What are Comedogenic Ingredients in Skin Care Products?
What are comedogenic ingredients in skin care products? Many have struggled with this question at some point in their lives. Acne impacts us and we want to know how to control it. The first place most people look is at their skincare. If you’ve gone ‘down an internet rabbit hole’ studying the subject, you know the answers are confusing.
How Do You Know If a Product Will Cause a Breakout?
It's not easy. You need to read labels, learn what ingredients are notorious for being comedogenic, try to avoid them and test products on your skin carefully when you can't figure it out.
What is a Comedo?
A comedo is a widely dilated pore (which is a hair follicle whether there is a hair in it or not) filled with keratin debris composed of dead skin cell matter, bacteria and sebum. A comedo can be open, in which case the tip of the opening is topped with a blackened mass of dead skin debris and it is called a 'blackhead'. A closed comedo has skin covering the opening. A closed comedo may be inflamed, in which case it is a pimple and it may be topped with a pustular white head. A closed comedo may also be non-inflammatory and appear like a small white bump.
What Exactly Are We Calling a Breakout or Acne?
Obviously, a big red pimple with a whitehead counts. A huge and hard plug of a blackhead in a pore counts. What about clogged pores without a hard plug? Or an increased size and dilation of pores without stuff visible in the pore? Does that count? What about deep and painful acne cysts that never come to the surface? Is that part of the acne discussion regarding skin care products that can break you out? Not really. The pores are the size that they are and don’t change much. Deep cysts are triggered by internal causes and not products.
Do You Head Straight for Products Labeled Non-Comedogenic Or Non-Acnegenic if You Have Acne?
If only it were that simple! Even the dermatology profession struggles with these labels. The potential for an ingredient to actually break you out is heavily impacted by the overall product formulation including the concentration, other ingredients in the product, proper usage, and how acne-prone your skin is. Infinite variables!
Definitions and Perspective on Comedogenicity
A comedogenic ingredient causes cells to stick together, causing a blackhead. The concept of skincare products causing blackheads started in the 1970s and 80s. Some of the first scientific studies happened on bunny ears and involved testing specific ingredients alone. Now humans are used. Testing is often done on the back and how the assessment is made varies.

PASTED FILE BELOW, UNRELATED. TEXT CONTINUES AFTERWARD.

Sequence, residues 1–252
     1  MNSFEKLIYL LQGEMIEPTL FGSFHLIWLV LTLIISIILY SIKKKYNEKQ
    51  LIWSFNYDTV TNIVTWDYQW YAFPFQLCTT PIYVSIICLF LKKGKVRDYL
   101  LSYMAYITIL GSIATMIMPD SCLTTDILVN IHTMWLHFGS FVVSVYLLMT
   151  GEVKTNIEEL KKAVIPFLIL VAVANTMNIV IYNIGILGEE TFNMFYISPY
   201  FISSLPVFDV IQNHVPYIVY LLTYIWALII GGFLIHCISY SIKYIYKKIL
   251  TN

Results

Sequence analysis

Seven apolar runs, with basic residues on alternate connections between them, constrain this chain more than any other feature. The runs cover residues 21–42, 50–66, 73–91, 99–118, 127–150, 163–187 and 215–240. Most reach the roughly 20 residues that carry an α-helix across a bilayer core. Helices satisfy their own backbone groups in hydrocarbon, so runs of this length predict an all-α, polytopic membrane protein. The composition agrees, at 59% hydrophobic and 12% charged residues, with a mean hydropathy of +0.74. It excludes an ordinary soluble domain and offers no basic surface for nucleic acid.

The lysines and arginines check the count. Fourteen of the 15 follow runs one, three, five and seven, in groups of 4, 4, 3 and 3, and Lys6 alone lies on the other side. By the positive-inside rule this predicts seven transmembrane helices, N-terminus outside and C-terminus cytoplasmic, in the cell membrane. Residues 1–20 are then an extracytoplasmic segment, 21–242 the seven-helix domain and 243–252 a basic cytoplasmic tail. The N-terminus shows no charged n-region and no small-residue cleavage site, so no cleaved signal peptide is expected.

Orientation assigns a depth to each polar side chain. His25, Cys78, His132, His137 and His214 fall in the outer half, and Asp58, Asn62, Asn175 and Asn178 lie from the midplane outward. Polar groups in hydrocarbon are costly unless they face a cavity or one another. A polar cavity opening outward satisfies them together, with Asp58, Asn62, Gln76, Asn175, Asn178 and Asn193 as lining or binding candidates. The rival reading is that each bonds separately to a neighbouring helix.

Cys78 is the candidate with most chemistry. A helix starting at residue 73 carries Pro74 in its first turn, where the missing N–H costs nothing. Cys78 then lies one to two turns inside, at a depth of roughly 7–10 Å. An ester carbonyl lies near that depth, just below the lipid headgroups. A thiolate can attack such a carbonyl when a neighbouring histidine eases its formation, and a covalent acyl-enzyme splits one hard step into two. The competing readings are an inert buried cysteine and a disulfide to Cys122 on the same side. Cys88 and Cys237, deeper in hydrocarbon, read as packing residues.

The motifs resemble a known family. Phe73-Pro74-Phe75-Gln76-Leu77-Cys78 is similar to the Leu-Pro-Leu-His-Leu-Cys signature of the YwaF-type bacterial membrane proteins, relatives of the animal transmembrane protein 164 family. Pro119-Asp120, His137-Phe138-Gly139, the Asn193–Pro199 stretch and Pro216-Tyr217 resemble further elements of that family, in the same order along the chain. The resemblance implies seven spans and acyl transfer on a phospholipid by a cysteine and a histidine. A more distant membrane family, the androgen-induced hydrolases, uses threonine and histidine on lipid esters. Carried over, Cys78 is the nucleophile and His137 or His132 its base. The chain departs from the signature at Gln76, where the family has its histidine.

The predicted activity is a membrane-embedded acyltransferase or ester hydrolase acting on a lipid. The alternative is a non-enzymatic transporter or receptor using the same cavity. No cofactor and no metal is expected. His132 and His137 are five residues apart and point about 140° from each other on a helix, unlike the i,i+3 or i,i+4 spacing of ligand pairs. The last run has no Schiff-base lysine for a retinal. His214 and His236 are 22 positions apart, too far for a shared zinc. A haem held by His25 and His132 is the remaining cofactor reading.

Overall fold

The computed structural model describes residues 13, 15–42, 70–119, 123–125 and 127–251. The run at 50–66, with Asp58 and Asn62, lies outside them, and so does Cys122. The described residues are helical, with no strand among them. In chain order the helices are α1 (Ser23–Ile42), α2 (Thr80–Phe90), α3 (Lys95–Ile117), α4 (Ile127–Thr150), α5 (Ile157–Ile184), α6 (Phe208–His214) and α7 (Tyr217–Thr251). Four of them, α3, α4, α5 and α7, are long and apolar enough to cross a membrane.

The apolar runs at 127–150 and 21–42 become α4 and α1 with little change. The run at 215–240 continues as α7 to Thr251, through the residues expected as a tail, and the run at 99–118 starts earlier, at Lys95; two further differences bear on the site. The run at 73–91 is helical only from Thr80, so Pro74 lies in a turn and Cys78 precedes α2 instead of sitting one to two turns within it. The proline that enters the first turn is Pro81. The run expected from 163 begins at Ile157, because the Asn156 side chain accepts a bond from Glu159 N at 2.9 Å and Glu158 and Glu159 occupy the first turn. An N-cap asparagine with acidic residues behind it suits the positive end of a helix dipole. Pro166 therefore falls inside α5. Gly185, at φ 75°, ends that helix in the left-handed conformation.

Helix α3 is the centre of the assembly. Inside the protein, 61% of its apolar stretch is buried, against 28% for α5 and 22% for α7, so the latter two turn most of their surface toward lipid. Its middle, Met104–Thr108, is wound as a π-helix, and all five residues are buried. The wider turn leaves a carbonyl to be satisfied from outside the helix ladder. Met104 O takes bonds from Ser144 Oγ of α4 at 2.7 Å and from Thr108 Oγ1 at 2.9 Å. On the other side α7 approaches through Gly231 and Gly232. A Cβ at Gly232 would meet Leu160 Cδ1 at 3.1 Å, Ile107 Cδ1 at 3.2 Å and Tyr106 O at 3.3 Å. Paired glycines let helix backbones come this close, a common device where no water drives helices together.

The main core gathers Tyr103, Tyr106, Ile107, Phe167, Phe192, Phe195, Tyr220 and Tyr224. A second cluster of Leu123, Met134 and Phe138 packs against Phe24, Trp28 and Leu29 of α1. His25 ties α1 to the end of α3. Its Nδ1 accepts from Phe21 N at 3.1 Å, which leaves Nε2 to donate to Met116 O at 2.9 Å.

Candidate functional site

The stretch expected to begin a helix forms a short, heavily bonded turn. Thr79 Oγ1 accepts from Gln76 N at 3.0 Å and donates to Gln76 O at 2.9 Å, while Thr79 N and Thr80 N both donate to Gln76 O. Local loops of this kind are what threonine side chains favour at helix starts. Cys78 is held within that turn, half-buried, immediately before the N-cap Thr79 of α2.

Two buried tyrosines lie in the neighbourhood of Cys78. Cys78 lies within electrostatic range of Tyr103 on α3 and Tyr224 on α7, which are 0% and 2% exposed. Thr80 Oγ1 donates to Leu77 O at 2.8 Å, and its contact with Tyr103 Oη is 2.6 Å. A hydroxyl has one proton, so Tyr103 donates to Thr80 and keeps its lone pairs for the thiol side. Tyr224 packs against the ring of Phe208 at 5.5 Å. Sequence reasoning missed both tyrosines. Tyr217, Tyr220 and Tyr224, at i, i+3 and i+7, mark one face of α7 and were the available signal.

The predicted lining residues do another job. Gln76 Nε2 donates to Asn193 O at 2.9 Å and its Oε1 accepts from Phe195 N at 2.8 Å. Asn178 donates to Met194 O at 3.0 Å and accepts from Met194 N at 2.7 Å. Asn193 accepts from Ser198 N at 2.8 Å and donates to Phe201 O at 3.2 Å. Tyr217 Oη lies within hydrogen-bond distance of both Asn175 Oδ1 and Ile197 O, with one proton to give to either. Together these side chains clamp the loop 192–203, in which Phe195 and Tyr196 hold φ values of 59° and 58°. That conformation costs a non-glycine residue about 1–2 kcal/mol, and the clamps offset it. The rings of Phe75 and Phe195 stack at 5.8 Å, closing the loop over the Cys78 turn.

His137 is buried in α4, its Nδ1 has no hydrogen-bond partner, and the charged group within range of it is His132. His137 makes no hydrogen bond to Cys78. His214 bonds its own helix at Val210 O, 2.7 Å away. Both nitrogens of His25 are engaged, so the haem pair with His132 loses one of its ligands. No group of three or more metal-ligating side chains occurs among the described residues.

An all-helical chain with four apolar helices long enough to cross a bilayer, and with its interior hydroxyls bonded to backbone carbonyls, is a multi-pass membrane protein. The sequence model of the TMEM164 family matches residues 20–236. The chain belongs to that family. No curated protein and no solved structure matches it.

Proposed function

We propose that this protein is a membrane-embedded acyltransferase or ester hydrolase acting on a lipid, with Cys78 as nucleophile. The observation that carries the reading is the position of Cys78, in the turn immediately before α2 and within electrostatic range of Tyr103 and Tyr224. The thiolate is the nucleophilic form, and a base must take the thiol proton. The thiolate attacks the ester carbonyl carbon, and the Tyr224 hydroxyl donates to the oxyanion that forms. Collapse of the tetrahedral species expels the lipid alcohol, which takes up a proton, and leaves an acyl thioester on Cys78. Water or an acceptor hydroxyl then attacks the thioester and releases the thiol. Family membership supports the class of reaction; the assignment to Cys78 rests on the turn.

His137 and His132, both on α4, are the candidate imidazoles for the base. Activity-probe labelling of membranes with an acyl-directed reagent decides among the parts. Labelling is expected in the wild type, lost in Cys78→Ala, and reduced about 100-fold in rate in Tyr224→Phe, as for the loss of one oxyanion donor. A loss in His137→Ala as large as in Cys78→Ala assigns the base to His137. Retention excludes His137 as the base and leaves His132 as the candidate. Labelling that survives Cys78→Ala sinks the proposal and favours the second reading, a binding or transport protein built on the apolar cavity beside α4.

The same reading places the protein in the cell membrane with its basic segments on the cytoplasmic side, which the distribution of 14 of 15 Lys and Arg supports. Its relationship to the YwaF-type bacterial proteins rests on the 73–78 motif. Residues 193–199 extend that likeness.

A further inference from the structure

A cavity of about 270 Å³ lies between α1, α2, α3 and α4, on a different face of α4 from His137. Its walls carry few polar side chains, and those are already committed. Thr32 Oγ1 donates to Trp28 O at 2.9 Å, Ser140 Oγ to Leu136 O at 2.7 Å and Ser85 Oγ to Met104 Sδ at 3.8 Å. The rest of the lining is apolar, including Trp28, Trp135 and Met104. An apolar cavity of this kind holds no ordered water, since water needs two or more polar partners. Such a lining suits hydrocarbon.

Acnegenic is a term you will see used. It indicates whether something can cause a general worsening of acne.
What is a clinical use test for comedogenic ingredients?
A clinical use test is where individuals use a product under normal conditions for several weeks and are then evaluated for blackheads or pimples. This is the most meaningful way to determine if a product is compatible with a person’s skin. One can test on a small area of facial acne-prone skin, or even on non-facial skin such as the chest or back. These areas contain a high density of pores with oil glands.
What is cosmetic acne or acne cosmetica?
Cosmetic acne is the term used by dermatologists to describe acne caused by skincare products. It was first described by French dermatologists in the 1940s. They reported on “brilliantines and hair pomades causing flare-ups on the temple and forehead facial regions.” The blackheads looked normal and this eventually led to research and tests, rabbit ears, lists of ingredients to avoid, and a lot of misunderstanding ensued (my opinion). Our entire understanding of acne has changed in the past decade or so. Acne is now considered an inflammatory condition, not simply a circumstance limited to blackheads, too much sebum, and bad bacteria.
Ingredients to Avoid if You are Acne Prone
This list is from the original work on bunny ears surrounding comedogenicity and pore irritation. Take it with a grain of salt though. Acne is not a simple cause and effect relationship. Still, some ingredients are notorious triggers of acne. These include:
- lanolins (acetylated lanolin alcohol, PEG 16 lanolin)
- lauric acid
- cetyl acetate